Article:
We are witnessing a remarkable comeback of computer programming in schools. In the 1980s, many schools featured Basic, Logo, or Pascal programming computer labs that students typically visited once a week as an introduction to the discipline. But, by the mid-1990s, schools had largely turned away from programming. In large part, such decline stemmed from a lack of subject-matter integration and a dearth of qualified instructors. Yet there was also the question of purpose. With the rise of preassembled multimedia packages via glossy CD-ROMs over the 1990s, who wanted to toil over syntax typos and debugging problems by creating these applications oneself? This question alone seemingly negated the need to learn programming in school, compounded by the excitement generated by the Internet. Schools started teaching students how to best surf the web rather than how to delve into it and understand how it actually works. Schools largely forgot about programming, some deeming it entirely unnecessary and others labeling it too difficult to teach and learn.
But this is changing. In the past five years, we’ve seen a new-found interest in bringing back learning and teaching programming on all K-12 levels. But it’s digitally based youth cultures, not schools, leading this revival (Kafai & Peppler, 2011). Computers seem to be accessible everywhere, particularly outside school, where children and youth are innovating with technology — often with hand-held devices — to create their own video games, interactive art projects, and even their own programmable clothes through electronic textiles. What’s more, the same computers on which they create these items connect them to wider networks of other young users who share common interests and a similar commitment to connecting through making.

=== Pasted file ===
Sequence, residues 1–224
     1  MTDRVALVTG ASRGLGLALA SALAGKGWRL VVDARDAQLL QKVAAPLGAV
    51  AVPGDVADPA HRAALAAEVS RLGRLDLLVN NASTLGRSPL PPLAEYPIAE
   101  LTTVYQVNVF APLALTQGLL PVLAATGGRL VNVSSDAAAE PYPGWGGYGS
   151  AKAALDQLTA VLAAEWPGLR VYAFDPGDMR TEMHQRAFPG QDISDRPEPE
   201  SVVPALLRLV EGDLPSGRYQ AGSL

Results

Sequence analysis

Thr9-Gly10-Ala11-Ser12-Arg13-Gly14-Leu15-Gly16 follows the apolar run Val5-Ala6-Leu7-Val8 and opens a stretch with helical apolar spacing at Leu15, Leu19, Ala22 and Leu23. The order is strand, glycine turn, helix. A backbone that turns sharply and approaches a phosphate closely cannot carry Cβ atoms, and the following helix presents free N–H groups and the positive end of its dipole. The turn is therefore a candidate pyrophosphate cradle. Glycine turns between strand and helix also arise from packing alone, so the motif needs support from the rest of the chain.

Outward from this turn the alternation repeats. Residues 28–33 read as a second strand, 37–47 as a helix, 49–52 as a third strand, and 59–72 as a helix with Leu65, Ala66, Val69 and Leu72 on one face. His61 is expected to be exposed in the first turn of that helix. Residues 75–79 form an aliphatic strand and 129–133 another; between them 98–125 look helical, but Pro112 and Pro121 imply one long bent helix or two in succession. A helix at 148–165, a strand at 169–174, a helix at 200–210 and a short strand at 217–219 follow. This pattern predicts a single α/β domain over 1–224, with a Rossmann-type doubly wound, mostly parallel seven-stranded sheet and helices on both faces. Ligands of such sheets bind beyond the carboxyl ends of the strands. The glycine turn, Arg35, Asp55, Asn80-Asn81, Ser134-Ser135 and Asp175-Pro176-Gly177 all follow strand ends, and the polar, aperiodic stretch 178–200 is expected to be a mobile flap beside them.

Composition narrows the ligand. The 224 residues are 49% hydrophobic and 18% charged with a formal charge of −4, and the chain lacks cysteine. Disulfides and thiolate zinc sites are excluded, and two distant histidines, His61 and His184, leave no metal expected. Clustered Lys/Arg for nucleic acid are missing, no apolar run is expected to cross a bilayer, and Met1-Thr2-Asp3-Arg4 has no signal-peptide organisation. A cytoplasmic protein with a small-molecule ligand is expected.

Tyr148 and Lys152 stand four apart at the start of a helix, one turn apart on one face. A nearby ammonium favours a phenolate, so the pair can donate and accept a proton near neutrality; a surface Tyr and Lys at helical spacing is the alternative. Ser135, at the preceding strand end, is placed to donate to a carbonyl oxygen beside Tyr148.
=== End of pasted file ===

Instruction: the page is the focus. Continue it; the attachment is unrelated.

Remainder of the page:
Schools may very well take a page from these informal communities of creative production and networked participation. After all, despite this surge of interconnected youth communities, very few youth are using their smart devices — laptop, iPad, iPhone, or Droid — for something other than the mass consumption of commercial media. These digital natives may be able to technically manipulate the latest devices, but their capacity to wield such devices critically, creatively, and selectively is decidedly less potent.
What then is the role of programming in facilitating more productive use of technology? And what is the role of schools in introducing programming to a wider array of youth, particularly given schools’ own aborted attempts to teach coding in the past? How will schools address challenges of diversity and equity so prevalent in computing culture? Given these questions facing education as well as the economic viability of this country, we must first understand what computational thinking is, how we can teach it, and why the computational participation of online communities and traditional schools together offers new opportunities to engage students.
What is Computational Thinking?
In 2006, Carnegie Mellon professor Jeannette Wing defined computational thinking as all “aspects of designing systems, solving problems, and understanding human behaviors” (2006, p. 6). Wing argued that understanding the world computationally gives a particular lens to understanding problems and contributing to their solutions. Computational thinking — while often strictly associated with computer science — actually is better understood as extending computer science principles to other disciplines in order to help break down the elements of any problem, determine their relationship to each other and the greater whole, and then devise algorithms to arrive at an automated solution. Computational thinking isn’t limited to mathematics and the sciences but also applies to the humanities in fields such as journalism and literature.